ARRIVA probably had to be stripped of the Northern rail franchise.
Delays, cancellations, strikes, overcrowding and the poor state of much of the rolling stock had led to falling passenger numbers, big losses (despite hundreds of millions of pounds of government subsidy) and widespread discontent from the public and Northern politicians who feel the company’s failures are emblematic of infrastructure neglect outside London.
Given the Government’s resolve to boost its standing in northern England, nationalisation looked like a no-brainer.
But if Grant Shapps thinks his widely-anticipated announcement will boost the Government’s popularity, other than temporarily, he may be disappointed.
The difficulties with this franchise, covering hundreds of miles of track and over 500 stations, have rather more to do with longstanding problems which are as much the fault of the Government and the state-owned Network Rail as of the franchise holder.
As yet, there is precious little sign that the Department for Transport has much of a plan to tackle the underlying problems.
Northern is to be run by the Government’s Operator of Last Resort (which, incidentally, has not been doing the greatest job with the LNER franchise on the East Coast Main Line), but this will make little difference at the moment.
The same 5,000 or so staff – give or take a handful of senior managers – will be running the same trains on the same tracks. Carriages will probably be repainted and some of the staff will get new uniforms, but the operator will still face the same problems.
Parts of the Northern network are in poor condition after decades of neglect. Most trains still run on polluting diesel, as electrification has been very limited, and where completed there have been delays.
Some routes are single-track, meaning low speeds, sparse services and few passengers. Many stations are visited by just a handful of trains a day – the Ormskirk to Preston line in Lancashire, or the Esk Valley line to Whitby, for example.
Elsewhere better-patronised Northern services on busy routes into – or between – major cities compete for very limited track space with faster TransPennine trains and are prone to delays.
One key bottleneck is the ‘Castlefield Corridor’ – the stretch of heavily-used track between Deansgate and Manchester Piccadilly. Under the last franchising process, Northern and TransPennine Express planned more trains following government encouragement and assurances of planned improvement works to this short but key rail corridor.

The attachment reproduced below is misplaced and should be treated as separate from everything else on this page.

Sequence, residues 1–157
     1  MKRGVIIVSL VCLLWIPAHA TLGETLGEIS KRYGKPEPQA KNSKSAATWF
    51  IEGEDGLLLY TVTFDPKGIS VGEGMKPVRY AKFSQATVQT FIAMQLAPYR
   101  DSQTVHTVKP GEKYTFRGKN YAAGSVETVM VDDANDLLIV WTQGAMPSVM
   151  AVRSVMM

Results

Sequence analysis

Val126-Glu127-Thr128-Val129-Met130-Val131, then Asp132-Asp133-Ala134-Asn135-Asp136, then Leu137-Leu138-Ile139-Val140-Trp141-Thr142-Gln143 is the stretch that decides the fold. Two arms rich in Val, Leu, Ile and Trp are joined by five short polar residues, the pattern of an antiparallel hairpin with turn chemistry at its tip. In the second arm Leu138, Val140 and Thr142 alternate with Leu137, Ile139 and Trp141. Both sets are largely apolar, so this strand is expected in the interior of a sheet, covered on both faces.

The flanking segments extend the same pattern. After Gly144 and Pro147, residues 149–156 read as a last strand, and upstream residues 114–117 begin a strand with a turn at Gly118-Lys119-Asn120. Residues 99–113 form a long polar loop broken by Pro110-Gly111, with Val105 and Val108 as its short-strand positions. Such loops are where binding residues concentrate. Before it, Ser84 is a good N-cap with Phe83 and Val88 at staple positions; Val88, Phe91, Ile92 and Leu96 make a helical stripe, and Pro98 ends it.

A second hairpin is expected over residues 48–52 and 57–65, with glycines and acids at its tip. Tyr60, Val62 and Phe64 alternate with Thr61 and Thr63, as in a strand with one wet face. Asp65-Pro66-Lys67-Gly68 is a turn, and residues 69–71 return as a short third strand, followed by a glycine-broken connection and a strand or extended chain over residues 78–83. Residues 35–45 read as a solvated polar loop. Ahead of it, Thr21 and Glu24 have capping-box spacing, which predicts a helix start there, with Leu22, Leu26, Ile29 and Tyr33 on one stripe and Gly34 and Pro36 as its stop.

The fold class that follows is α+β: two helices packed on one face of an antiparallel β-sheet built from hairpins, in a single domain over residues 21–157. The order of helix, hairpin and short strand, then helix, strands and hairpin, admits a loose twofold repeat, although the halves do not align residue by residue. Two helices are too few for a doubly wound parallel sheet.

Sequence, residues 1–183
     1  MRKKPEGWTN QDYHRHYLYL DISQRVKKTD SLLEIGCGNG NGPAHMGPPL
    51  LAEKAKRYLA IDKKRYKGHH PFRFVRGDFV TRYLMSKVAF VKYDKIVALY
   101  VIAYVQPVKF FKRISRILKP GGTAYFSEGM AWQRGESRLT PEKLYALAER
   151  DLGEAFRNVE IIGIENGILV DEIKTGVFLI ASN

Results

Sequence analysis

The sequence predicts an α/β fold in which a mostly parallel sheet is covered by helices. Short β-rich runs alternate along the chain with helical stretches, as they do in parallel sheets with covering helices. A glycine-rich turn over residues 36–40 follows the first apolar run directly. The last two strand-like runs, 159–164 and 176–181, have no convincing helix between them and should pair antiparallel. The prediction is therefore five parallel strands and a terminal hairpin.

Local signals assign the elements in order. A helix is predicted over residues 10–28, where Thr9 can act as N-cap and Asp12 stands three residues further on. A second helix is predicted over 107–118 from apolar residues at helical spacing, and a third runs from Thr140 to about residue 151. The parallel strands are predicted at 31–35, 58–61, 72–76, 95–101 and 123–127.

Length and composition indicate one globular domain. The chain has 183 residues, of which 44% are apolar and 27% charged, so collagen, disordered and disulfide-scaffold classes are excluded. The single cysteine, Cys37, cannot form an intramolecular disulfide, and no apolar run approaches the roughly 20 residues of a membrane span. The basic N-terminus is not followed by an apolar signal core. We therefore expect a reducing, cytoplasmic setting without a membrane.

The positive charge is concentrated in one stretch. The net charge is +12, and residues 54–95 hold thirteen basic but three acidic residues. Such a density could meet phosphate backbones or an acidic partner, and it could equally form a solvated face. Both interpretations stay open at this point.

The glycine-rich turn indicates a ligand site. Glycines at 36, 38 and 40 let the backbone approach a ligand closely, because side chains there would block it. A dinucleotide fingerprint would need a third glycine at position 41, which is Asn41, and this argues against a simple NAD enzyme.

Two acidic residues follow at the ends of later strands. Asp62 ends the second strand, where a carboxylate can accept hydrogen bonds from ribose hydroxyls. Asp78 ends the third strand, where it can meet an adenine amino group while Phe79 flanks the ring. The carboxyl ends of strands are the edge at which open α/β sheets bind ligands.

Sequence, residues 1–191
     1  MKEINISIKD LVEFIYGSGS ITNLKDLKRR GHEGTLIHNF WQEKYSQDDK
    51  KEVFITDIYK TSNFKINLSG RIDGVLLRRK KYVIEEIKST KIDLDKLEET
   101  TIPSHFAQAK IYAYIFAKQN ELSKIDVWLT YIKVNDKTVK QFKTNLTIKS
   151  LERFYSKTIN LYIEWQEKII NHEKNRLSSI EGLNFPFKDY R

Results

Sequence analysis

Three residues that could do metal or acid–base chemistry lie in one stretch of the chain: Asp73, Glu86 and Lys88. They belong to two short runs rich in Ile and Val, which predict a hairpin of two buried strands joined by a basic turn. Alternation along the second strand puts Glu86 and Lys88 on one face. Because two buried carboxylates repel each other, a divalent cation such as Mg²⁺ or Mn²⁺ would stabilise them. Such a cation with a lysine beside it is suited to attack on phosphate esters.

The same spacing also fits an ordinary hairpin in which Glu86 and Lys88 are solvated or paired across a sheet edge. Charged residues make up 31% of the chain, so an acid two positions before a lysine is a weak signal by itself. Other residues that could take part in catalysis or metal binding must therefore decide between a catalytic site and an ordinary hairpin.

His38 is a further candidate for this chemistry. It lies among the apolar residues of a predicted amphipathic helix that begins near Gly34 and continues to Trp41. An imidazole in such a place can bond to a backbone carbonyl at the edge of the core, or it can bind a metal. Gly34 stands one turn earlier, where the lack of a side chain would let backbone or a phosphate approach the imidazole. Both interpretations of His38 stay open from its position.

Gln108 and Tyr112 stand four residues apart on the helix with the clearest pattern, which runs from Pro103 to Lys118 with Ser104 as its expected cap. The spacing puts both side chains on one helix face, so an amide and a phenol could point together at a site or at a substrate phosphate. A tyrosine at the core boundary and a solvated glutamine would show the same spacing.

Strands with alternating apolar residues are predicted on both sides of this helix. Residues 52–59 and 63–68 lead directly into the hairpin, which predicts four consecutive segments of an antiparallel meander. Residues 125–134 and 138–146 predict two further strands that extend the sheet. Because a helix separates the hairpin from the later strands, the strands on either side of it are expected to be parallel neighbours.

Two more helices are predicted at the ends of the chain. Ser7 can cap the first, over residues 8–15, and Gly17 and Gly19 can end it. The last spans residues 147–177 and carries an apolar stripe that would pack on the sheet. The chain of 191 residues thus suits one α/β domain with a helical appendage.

However, as a recent Network Rail report makes clear, the running of additional services proved physically impossible, partly because necessary infrastructure work (including new platforms at Manchester Piccadilly) was not completed to schedule. The result was the timetabling chaos we saw in 2018, with many services being scrapped while others were heavily overloaded. As so many trains across the north travel through the Castlefield Corridor, there were serious knock-on effects on services across the rest of the network.
These problems were exacerbated by late delivery of new trains. Tighter modern safety regulations require time-consuming testing of new trains and regulations also require lengthy training for drivers both on the trains and new routes. The schedule for this necessary preparation was badly disrupted.
This further increased delays and meant passengers had to put up with clapped-out rolling stock such as the notorious Pacers, those familiar superannuated buses on rails. This meant added discomfort for passengers, especially those with disabilities, further overcrowding and too-frequent breakdowns.
Then there was the long-running dispute with the Rail, Maritime and Transport union (RMT) over the issue of guards on trains, leading to major cancellations at weekends for months on end. Industrial relations remain poor, and there are ongoing issues about pay, poor timekeeping and staff availability for weekend work.
This is not to deny that Arriva’s handling of the Northern franchise could have been a darn sight better. But it does indicate that simply renationalising the franchise is only the beginning of trying to sort out the problems affecting so much of the North’s vital rail network.
Professor Len Shackleton is Editorial and Research Fellow at the Institute of Economic Affairs.